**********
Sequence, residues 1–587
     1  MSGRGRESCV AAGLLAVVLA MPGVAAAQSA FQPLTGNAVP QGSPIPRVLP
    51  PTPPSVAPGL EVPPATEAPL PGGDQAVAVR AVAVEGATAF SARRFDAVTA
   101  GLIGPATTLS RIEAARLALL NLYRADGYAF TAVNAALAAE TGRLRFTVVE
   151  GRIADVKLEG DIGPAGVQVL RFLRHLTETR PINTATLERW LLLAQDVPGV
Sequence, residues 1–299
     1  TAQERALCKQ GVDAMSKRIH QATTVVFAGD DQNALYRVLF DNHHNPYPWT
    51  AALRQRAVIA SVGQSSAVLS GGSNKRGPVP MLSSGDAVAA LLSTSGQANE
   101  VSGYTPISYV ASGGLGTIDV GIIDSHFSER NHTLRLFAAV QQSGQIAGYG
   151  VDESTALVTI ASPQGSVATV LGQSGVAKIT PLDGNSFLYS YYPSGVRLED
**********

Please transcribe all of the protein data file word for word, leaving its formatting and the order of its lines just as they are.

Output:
Sequence, residues 1–587
     1  MSGRGRESCV AAGLLAVVLA MPGVAAAQSA FQPLTGNAVP QGSPIPRVLP
    51  PTPPSVAPGL EVPPATEAPL PGGDQAVAVR AVAVEGATAF SARRFDAVTA
   101  GLIGPATTLS RIEAARLALL NLYRADGYAF TAVNAALAAE TGRLRFTVVE
   151  GRIADVKLEG DIGPAGVQVL RFLRHLTETR PINTATLERW LLLAQDVPGV
Sequence, residues 1–299
     1  TAQERALCKQ GVDAMSKRIH QATTVVFAGD DQNALYRVLF DNHHNPYPWT
    51  AALRQRAVIA SVGQSSAVLS GGSNKRGPVP MLSSGDAVAA LLSTSGQANE
   101  VSGYTPISYV ASGGLGTIDV GIIDSHFSER NHTLRLFAAV QQSGQIAGYG
   151  VDESTALVTI ASPQGSVATV LGQSGVAKIT PLDGNSFLYS YYPSGVRLED